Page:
Research data should be available for sharing for a minimum period of five years from the end of a research grant.

CRUK also issued a list of FAQ on data sharing.

In 2015, we invited CRUK to discuss their data sharing requirements with researchers at Cambridge. These blog posts summarise these discussions:

Charities' perspective on data management and sharing

Questions and answers

February 2022

EC (Horizon 2020)

Read the guidelines

Guidance on data management plans


Since 2017, all Horizon 2020 projects are part of the Open Research Data Pilot by default. The Principal Investigator must: 

•    Develop a data management plan in the first 6 months of the project and keep it up-to-date throughout their project

•   Deposit their research data in a suitable research data repository

•    Make sure third parties can freely access, mine, exploit, reproduce and disseminate their data

•    Make clear what tools will be needed to use the raw data to validate research results, or provide the tools themselves.

February 2022

EC (Horizon Europe)

Read the guidelines

See 'Open Science' section in the guidelines on mandatory and recommended Open Science practices, and how proposals will be assessed. Some highlights:

Open access to research data is requried under the premise 'as open as possible as close as necessary' (i.e. there can be exceptions).

Data management plans are mandatory for all projects generating or reusing data. 

Providing open access to research outputs beyond publications and data is recommended (e.g. software tools, models, apps, etc.).

Open data costs should be budgeted in the proposal.

February 2022


Horizon 2020 guidelines

Horizon 2020 & Horizon Europe

Guidance for ERC projects falling under Horizon 2020 and Horizon Europe can be found here.

Requirements related to research data management are embedded in your ERC grant agreement. Exact requirements depend on the ERC Work Programme.

Funds from your ERC grant can be allocated to storage and maintenance of research data generated by the ERC funded project.

February 2022


Read the policy

EPSRC expectations

EPSRC has a strict policy on research data sharing. We prepared separate, dedicated guidelines to help you achieve compliance with EPSRC expectations.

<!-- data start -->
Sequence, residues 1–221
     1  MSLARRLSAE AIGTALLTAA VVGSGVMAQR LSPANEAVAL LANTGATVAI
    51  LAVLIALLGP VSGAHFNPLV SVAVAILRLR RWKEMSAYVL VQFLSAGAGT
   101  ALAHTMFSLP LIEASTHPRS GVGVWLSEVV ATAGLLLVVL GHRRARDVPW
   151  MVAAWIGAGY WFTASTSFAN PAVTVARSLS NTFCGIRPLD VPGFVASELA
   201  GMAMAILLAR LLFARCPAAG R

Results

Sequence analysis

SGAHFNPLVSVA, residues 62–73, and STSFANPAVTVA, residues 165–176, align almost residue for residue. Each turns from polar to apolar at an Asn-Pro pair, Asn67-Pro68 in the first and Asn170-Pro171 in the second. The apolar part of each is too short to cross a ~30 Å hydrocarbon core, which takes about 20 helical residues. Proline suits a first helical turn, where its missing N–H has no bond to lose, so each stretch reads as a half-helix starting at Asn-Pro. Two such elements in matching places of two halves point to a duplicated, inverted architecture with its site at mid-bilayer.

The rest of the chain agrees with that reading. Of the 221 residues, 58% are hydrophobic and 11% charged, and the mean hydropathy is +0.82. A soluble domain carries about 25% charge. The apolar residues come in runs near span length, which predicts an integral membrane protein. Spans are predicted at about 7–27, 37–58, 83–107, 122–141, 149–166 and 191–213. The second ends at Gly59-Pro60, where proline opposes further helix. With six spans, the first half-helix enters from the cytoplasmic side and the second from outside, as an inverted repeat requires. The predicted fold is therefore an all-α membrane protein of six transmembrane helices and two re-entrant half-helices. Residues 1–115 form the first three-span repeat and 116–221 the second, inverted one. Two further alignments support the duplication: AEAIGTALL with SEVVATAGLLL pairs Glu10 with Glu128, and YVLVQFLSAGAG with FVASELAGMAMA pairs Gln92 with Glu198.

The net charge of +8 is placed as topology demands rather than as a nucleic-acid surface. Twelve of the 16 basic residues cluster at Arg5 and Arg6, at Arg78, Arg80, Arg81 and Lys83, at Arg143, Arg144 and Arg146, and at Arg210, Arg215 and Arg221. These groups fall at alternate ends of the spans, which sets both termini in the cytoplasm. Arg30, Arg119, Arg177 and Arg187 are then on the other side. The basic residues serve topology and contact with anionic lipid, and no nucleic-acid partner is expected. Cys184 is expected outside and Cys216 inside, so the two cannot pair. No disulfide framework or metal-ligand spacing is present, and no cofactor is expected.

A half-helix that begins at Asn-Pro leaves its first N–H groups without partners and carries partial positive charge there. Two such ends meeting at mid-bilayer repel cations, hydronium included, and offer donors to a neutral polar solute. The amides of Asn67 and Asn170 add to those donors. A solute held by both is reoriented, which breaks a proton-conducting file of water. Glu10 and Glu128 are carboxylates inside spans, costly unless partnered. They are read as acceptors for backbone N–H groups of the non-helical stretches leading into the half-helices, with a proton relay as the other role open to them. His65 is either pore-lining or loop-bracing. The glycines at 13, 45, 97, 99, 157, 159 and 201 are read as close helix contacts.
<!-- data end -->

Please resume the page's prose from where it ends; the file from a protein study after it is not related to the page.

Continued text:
Also, please have a look at our list of FAQ, which was developed in consultation with researchers at the University of Cambridge and with Ben Ryan from the EPSRC in 2015. Following these discussions we published a blog post clarifying the EPSRC policy on data management and sharing.

February 2022


Read the policy

Accompanying document: ESRC data citation: what you need to know

Grant applicants planning to generate data must submit a data management and sharing plan as part of the grant application process. The cost of data management and data preparation for sharing must be included in the grant proposal. 

Check the word limit for the data management and sharing section of your overall grant/fellowship application before you start - it could be only 500 words.

Research data must be deposited within three months of the end of the award, with the UK Data Service or another suitable data repository. If you deposit in a repository which is not the UK Data Service, you still need to create a metadata record in UK Data Service ReShare and submit metadata relating to the grant and data collection through this service. 

There may be legal, ethical or commercial constraints to data sharing; these should be considered in detail before commencing research with the aim of maximising data sharing. For data obtained from human participants, you must seek to secure consent for data sharing or alternatively appropriately anonymise the data or discuss secure access mechanisms to make sharing possible.